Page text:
“Probation” is the term used to describe the set of conditions imposed on a person convicted of a crime. In almost all cases that result in a conviction, the court will impose a set of rules and conditions to be followed for a certain period of time. This is especially true with domestic violence convictions. Many of these conditions are a review in this sections and can be split into two kinds: affirmative and prohibitive. Affirmative conditions are things like payment of fines, completion of treatment programs, meeting with a probation officer. Prohibitive conditions are things like not having contact with the victim or family and not committing any criminal law violations. Compliance with these conditions is monitored by a probation officer or a probation department.
Whether a court has a probation department or not is largely a function of the jurisdiction you are in and the resources available to that court. Larger courts tend to have fully staffed probation departments in charge of maintaining contact with the defendant after sentencing, monitoring compliance with sentencing orders and informing the court of any potential violations. In smaller jurisdictions, often times probation is simply monitored directly by the court and court staff. Regardless of the situation, rest assured that in cases that result in a domestic violence conviction, someone is monitoring compliance.
Courts that do utilize probation departments, in most cases, have the defendant report directly to a probation officer. In these cases, maintaining a positive relationship with the probation officer can be vital. Probation officers are like dogs. There are good ones and bad ones. The good ones are helpful and try to make your life easier. They provide you with the proper resources to succeed and so long as you are trying, they remain faithful to you. Bad ones will bite you at the first sign of provocation, whether that provocation was intended or not. As with dogs, you can not tell what kind of probation officer you have by sight alone. Treat them all carefully and with respect. Be proactive in completing the assigned tasks. Maintain contact with them as ordered. Because if you have to attend a review hearing to answer to a charge of non-compliance, the recommendation of your probation officer is given a great deal of weight by the court.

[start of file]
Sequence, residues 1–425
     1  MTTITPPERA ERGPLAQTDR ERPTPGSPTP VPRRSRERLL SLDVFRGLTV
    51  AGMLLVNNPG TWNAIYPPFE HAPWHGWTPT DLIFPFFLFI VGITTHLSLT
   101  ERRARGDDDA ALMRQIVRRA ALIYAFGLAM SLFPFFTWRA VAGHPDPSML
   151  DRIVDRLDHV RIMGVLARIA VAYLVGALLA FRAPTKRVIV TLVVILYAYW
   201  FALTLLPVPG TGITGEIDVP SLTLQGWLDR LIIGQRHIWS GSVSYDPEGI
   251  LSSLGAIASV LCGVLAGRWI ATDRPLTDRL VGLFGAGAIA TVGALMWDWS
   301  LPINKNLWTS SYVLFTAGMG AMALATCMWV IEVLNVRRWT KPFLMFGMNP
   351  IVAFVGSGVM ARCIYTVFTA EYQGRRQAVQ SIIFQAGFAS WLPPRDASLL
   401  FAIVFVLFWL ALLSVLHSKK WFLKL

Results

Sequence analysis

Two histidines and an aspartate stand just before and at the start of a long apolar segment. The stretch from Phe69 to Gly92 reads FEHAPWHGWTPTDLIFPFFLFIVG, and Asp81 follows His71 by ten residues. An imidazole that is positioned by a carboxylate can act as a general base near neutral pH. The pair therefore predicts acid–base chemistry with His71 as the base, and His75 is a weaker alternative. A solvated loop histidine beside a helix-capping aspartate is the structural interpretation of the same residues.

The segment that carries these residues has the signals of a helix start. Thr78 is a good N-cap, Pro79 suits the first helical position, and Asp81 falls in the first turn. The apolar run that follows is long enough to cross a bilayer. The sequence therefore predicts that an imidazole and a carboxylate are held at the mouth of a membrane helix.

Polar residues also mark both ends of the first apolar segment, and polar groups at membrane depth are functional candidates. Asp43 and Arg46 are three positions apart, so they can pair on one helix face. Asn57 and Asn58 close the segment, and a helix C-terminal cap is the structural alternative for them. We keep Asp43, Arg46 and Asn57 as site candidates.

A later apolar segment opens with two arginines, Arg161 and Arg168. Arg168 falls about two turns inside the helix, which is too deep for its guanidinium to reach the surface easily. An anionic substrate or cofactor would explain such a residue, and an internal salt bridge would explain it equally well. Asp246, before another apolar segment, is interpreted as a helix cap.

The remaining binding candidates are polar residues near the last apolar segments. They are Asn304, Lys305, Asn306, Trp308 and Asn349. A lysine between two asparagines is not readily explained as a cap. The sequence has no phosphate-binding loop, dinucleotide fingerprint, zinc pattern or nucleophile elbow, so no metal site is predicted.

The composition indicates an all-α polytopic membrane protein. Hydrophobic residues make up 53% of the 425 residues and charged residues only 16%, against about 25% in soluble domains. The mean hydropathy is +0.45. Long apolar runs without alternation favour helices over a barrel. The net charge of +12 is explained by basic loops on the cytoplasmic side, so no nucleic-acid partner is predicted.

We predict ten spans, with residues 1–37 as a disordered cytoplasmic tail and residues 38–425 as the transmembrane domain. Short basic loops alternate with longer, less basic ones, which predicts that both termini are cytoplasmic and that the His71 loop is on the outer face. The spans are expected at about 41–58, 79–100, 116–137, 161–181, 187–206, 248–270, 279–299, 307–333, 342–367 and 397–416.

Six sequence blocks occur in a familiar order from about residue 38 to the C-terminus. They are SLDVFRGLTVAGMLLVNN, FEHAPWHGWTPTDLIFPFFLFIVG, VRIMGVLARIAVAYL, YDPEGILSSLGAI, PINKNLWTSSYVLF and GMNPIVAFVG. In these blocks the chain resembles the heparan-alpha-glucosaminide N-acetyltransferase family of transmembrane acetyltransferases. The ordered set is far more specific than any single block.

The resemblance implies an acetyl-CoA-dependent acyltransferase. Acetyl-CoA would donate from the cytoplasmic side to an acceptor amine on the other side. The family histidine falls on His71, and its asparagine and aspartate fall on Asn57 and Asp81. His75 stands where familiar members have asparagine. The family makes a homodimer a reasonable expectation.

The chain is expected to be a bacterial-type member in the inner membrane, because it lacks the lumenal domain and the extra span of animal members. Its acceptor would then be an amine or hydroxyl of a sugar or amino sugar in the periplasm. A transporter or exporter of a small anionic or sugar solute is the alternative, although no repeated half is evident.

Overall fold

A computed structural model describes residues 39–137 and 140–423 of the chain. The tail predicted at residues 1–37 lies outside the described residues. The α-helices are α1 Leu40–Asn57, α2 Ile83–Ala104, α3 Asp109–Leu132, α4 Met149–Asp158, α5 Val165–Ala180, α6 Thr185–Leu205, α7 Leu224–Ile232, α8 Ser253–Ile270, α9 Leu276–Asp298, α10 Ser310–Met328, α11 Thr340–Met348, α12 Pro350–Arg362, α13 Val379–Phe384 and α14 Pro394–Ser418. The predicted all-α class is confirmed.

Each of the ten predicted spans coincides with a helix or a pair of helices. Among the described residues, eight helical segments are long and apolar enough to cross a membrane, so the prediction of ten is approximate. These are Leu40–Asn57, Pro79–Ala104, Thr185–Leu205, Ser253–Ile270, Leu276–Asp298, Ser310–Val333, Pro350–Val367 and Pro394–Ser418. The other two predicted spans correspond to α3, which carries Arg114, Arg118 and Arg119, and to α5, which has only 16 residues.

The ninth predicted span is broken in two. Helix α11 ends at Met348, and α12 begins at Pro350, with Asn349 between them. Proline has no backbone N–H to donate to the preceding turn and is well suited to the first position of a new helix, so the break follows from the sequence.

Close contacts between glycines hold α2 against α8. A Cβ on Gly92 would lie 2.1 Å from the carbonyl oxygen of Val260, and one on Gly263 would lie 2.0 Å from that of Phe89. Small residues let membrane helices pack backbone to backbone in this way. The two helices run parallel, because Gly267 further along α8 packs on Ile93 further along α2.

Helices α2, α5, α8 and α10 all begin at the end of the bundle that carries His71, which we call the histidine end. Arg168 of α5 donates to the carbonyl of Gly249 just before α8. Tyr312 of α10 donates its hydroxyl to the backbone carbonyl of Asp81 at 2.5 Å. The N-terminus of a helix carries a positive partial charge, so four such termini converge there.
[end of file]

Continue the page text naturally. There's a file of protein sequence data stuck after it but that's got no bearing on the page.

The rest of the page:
If there is an allegation by “probation” that there was a violation of either the affirmative or prohibitive conditions set forth by the court at sentencing, the court will be notified and most likely a review hearing will be set. At this hearing, you will be made to answer to that allegation. If the allegation can not be proven or you are otherwise found to be in compliance, you will likely just be sent back to probation for continued monitoring. If an allegation of non-compliance is proven, the court can order additional sanctions such as jail, fines, community service, additional treatment, no contact orders, etc. Never go into one of these hearings unrepresented. Whether you hire private counsel or a public defender, make sure you are represented at any review hearings. Bad things happen to the unprepared in these situations.
If you have questions about your probation or are in need of representation at a review hearing, contact Milios Defense to speak with a Washington domestic violence lawyer for a consultation.